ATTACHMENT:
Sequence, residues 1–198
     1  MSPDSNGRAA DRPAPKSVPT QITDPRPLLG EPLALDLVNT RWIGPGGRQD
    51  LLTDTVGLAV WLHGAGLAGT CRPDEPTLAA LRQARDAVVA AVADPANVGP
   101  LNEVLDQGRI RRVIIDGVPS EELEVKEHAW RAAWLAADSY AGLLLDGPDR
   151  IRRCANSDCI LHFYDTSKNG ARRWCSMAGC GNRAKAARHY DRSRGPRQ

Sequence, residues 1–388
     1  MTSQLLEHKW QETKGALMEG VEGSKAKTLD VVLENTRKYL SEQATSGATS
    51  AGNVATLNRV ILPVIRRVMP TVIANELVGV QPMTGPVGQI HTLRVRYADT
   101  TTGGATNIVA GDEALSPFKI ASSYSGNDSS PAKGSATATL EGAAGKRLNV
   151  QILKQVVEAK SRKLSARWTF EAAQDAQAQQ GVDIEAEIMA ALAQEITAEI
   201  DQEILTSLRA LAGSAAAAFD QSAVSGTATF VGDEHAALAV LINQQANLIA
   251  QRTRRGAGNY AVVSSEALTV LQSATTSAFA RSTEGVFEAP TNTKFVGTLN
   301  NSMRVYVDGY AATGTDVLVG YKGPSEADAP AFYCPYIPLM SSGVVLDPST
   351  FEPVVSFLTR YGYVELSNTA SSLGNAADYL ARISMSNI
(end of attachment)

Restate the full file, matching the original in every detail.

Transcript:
Sequence, residues 1–198
     1  MSPDSNGRAA DRPAPKSVPT QITDPRPLLG EPLALDLVNT RWIGPGGRQD
    51  LLTDTVGLAV WLHGAGLAGT CRPDEPTLAA LRQARDAVVA AVADPANVGP
   101  LNEVLDQGRI RRVIIDGVPS EELEVKEHAW RAAWLAADSY AGLLLDGPDR
   151  IRRCANSDCI LHFYDTSKNG ARRWCSMAGC GNRAKAARHY DRSRGPRQ

Sequence, residues 1–388
     1  MTSQLLEHKW QETKGALMEG VEGSKAKTLD VVLENTRKYL SEQATSGATS
    51  AGNVATLNRV ILPVIRRVMP TVIANELVGV QPMTGPVGQI HTLRVRYADT
   101  TTGGATNIVA GDEALSPFKI ASSYSGNDSS PAKGSATATL EGAAGKRLNV
   151  QILKQVVEAK SRKLSARWTF EAAQDAQAQQ GVDIEAEIMA ALAQEITAEI
   201  DQEILTSLRA LAGSAAAAFD QSAVSGTATF VGDEHAALAV LINQQANLIA
   251  QRTRRGAGNY AVVSSEALTV LQSATTSAFA RSTEGVFEAP TNTKFVGTLN
   301  NSMRVYVDGY AATGTDVLVG YKGPSEADAP AFYCPYIPLM SSGVVLDPST
   351  FEPVVSFLTR YGYVELSNTA SSLGNAADYL ARISMSNI